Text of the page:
There were no differences in serum ALT values between any of the groups at 10 days or 4 wk, but after 8 wk both trans fat-fed and standard high-fat-fed mice had significantly higher ALT values compared with mice on the control diet (Fig. 1). At 8 wk, the trans fat group also had a significantly higher ALT value than the high-fat group (126 ± 16 vs. 71 ± 7 U/l, P < 0.05). No significant histological differences were noted between the high-fat and trans fat groups. After 8 wk on the diet both groups demonstrated significant steatosis compared with the control group, but there was no inflammatory infiltrate or fibrosis identified in either group.
Trans fat-fed mice gained less weight after 8 wk compared with standard high-fat-fed mice but had a similar increase in hepatic steatosis.
After 10 days, 4 wk, and 8 wk on their respective diets, the standard high-fat and trans fat-fed mice both had increased weight gain compared with the mice fed the control diet. However, by 8 wk the high-fat-fed mice had gained more weight than the trans fat-fed mice (Fig. 2A). After 8 wk, the high-fat and trans fat groups had a similar increase in hepatic triglyceride content and both groups had significantly higher hepatic triglyceride content than the control group (Fig. 2B).
Serum cholesterol and triglyceride levels in trans fat-fed mice and standard high-fat-fed mice.
Serum cholesterol levels of the high-fat-fed mice were higher than the trans fat-fed mice after 10 days but were not statistically different than the control group (Table 3). After 4 wk and 8 wk of feeding, cholesterol levels were higher in the standard high-fat-fed mice compared with control, but there was no significant difference in the trans fat-fed group compared with the high-fat or control group. Lipoprotein analysis was performed with FPLC and the majority of cholesterol in all groups was high-density lipoprotein (HDL). Levels of low-density lipoprotein (LDL) cholesterol were very low and similar in all groups and there did not appear to be any difference in the amount of apoB-100 in the LDL fraction, suggesting no substantial alteration in the density of LDL particles (Supplemental Fig. S1). Serum triglyceride levels were similar between the trans fat and high-fat group at each time point (Table 3).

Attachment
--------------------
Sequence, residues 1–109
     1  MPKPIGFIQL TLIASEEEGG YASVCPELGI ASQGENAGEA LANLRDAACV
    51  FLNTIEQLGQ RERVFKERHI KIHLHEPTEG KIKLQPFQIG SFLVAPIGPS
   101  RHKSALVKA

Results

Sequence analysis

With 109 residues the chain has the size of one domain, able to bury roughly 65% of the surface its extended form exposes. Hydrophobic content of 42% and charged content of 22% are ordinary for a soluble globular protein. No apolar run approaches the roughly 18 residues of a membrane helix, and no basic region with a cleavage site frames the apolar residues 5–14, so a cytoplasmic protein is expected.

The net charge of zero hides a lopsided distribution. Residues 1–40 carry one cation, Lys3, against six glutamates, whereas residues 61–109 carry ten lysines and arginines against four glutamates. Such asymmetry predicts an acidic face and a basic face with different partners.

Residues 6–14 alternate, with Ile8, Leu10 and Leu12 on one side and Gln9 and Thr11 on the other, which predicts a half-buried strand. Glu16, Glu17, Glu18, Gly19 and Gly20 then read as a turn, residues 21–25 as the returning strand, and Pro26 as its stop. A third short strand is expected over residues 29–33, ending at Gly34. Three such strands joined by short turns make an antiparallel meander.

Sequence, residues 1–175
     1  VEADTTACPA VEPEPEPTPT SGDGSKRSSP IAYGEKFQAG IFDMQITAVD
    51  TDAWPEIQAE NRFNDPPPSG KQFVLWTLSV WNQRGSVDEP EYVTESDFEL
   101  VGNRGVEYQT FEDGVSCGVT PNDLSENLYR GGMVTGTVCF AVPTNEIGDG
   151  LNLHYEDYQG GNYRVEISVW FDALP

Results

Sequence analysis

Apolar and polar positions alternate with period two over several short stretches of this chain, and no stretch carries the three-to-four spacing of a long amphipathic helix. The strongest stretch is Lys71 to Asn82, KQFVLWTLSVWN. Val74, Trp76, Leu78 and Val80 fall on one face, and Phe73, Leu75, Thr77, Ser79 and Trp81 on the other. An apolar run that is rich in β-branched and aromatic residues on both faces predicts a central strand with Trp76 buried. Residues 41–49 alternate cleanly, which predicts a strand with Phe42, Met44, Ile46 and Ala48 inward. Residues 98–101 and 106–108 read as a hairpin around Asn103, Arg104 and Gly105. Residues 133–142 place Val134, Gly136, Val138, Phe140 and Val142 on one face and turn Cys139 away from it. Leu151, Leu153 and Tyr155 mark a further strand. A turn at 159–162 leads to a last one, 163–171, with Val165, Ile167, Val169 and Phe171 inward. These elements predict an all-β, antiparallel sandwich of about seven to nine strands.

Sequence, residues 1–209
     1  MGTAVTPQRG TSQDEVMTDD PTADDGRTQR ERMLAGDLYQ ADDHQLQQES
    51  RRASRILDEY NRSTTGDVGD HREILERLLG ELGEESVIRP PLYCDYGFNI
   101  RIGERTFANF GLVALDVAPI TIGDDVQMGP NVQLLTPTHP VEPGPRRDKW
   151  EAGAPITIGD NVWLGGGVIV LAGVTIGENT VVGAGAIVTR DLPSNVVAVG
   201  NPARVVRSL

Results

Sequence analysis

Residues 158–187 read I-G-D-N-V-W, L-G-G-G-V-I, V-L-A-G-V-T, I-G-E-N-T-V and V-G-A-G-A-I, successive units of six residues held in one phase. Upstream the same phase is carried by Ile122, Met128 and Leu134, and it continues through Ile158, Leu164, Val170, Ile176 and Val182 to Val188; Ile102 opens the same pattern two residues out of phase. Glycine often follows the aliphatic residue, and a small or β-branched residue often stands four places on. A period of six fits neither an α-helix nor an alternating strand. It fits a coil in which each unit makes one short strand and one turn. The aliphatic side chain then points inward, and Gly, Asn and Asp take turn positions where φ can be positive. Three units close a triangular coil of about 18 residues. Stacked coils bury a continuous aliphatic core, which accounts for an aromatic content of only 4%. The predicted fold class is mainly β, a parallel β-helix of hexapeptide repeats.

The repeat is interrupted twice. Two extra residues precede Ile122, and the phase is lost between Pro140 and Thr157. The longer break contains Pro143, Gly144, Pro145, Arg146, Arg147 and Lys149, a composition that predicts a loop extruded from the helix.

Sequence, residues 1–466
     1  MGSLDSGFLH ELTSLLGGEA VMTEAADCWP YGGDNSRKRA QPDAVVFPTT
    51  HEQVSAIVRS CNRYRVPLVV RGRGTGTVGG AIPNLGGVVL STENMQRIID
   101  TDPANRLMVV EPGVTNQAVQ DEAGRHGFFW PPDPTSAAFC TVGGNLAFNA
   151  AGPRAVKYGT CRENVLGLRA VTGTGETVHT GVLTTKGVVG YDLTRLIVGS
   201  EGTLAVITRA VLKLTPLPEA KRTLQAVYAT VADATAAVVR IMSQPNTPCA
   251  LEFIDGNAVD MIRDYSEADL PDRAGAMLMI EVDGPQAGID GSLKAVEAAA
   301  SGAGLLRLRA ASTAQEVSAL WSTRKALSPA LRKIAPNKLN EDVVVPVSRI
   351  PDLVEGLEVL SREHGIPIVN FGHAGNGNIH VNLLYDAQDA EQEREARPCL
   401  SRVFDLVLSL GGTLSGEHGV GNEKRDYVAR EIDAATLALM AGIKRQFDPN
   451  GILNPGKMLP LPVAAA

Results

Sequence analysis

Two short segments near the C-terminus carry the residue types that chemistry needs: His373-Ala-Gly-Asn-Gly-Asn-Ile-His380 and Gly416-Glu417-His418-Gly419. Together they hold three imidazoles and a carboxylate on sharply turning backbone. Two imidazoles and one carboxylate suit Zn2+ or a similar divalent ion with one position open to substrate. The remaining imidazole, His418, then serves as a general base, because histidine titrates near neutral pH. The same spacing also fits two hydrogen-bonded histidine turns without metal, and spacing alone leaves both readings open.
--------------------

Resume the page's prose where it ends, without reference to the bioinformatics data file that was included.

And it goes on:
Trans fat-fed mice demonstrate more insulin resistance than high-fat-fed mice.
Fasting insulin levels of the trans fat-fed mice were higher than those of the control diet-fed mice at each time point and after 8 wk of feeding the standard high-fat-fed mice also had significantly higher insulin levels than the control group. At 4 wk and 8 wk, trans fat feeding resulted in significantly higher fasting insulin levels compared with standard high-fat feeding (4 wk: 5.3 ± 1.2 vs. 1.4 ± 0.2 ng/ml, P < 0.05; 8 wk: 6.2 ± 2.0 vs. 2.0 ± 0.1 ng/ml, P < 0.05) (Fig. 3A). Although there was a trend toward higher glucose levels in the standard high-fat and trans fat groups compared with control, this did not reach statistical significance and there were no significant differences between the trans fat and standard high-fat groups. At 8 wk, the serum glucose levels were 188 ± 13, 215 ± 6, and 215 ± 6 mg/dl in the control, standard high-fat, and trans fat groups, respectively. QUICKI determinations were made based on the fasting glucose and insulin levels at each time point. Although QUICKI determinations were lower in the high-fat group than in the mice fed the control diet, consistent with greater insulin resistance, this only reached statistical significance at 8 wk. The trans fat-fed group, however, demonstrated significantly more insulin resistance at each time point compared with the mice on the control diet. At 4 wk and 8 wk the trans fat-fed mice also demonstrated significantly more insulin resistance compared with the mice on the standard high-fat diet (4 wk: 0.32 ± 0.01 vs. 0.41 ± 0.01, P < 0.05; 8 wk: 0.33 ± 0.02 vs. 0.38 ± 0.00, P < 0.05) (Fig. 3B).
Trans fat-fed mice demonstrate altered leptin levels at 8 wk.
Serum leptin levels were determined at each time point (Fig. 4). Both standard high-fat feeding and trans fat feeding resulted in higher leptin levels at each time point compared with control diet feeding; however, this only reached significance at 8 wk. Additionally, at 8 wk serum leptin was significantly lower in the trans fat-fed mice compared with the high-fat-fed mice (24.8 ± 3.7 vs. 41.0 ± 4.5 ng/ml, P < 0.05).
Trans fat-fed mice demonstrate significantly increased hepatic IL-1β gene expression as well as increased hepatic IL-1β levels.